3. A weakened NPT

The Nuclear Non-Proliferation Treaty (NPT) has failed to deliver on – or even make progress toward – the objective of nuclear abolition. Two successive NPT review cycles, which concluded with Review Conferences in 2015 and 2022, have failed to produce even a consensus outcome document.

Still, most stakeholders seem to agree that the NPT remains the centrepiece of the global nuclear disarmament and non-proliferation regime. Nuclear-armed member states support it, perhaps because it provides a forum in which, thus far, they have been able to shape the official narrative.

This summer in Geneva, the first of the next set of NPT Preparatory Committee meetings leading to the 2026 NPT Review Conference will be held. But more and more stakeholders question if this regime presents a viable path to nuclear abolition.  

Recently 69 states – the total membership of the Treaty on the Prohibition of Nuclear Weapons (TPNW) and all parties to the NPT – went on record to declare that nuclear-armed NPT member states the United States, the Russian Federation, China, France, and the United Kingdom are in breach of their legal obligations under the NPT. This extraordinary consensus was articulated in the declaration of the Second Meeting of States Parties to the TPNW, held at the United Nations in New York from November 27 to December 1, 2023.

The NPT’s Article VI outlines obligations for nuclear-weapon states (NWS) to pursue disarmament in good faith. Yet, according to Article 24 of the TPNW declaration, the behaviour of NWS “unquestionably” represents “a failure to meet their legally binding obligations under Article VI of the NPT.” It goes on to declare that in the period since the First Meeting of States Parties to the TPNW, “none of the Nuclear-Weapon States have made progress in accordance with Article VI of the NPT and in their unequivocal undertaking to accomplish the elimination of their nuclear weapons.”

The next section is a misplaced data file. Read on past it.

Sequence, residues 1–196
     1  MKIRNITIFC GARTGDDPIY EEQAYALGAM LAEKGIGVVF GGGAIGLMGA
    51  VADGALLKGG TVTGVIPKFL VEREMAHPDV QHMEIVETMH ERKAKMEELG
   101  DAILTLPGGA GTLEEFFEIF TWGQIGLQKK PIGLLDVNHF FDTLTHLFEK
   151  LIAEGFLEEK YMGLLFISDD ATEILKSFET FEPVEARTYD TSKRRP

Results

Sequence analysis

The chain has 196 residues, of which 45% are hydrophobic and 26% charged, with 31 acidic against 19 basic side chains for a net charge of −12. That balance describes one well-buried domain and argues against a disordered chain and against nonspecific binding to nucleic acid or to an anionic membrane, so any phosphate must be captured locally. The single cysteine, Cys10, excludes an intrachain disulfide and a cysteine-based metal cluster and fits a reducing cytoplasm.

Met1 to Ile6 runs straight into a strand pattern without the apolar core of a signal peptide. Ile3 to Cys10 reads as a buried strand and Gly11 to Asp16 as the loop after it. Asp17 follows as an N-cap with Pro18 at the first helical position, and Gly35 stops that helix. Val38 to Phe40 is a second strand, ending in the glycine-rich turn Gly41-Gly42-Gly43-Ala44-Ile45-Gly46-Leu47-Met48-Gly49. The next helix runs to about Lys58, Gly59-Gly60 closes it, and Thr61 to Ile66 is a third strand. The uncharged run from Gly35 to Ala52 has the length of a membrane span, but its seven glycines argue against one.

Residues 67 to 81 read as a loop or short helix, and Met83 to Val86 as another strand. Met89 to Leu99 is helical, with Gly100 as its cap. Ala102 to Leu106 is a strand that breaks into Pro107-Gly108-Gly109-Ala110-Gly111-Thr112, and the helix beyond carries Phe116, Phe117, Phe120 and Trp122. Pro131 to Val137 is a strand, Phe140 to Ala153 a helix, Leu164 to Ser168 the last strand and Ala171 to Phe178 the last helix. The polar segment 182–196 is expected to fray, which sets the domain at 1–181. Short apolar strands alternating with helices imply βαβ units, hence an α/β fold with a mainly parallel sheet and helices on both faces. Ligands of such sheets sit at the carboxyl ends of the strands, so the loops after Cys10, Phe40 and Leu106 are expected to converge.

Article 24 serves as a groundbreaking indictment of NWS and underscores the growing determination of non-nuclear-armed states to demand concrete and demonstrable action toward nuclear abolition. Yet the divide between TPNW supporters and NWS remains deep.

The big question

Is the international community willing to risk certain catastrophe if Russia or any nuclear-armed state decides to deploy nuclear weapons? Surely the current threat of nuclear escalation underscores the urgent need for diplomatic efforts to mitigate such a risk.

The obstacles discussed – and others – reveal a pressing need for enhanced dialogue to address the escalating risks that nuclear weapons will be employed. At a minimum, effort must be exerted to enhance nuclear security to mitigate the risks of unintended escalation and to preserve global peace and stability.

See also An indictment of non-compliance: States Parties to the TPNW accuse nuclear-weapon states of legal breach.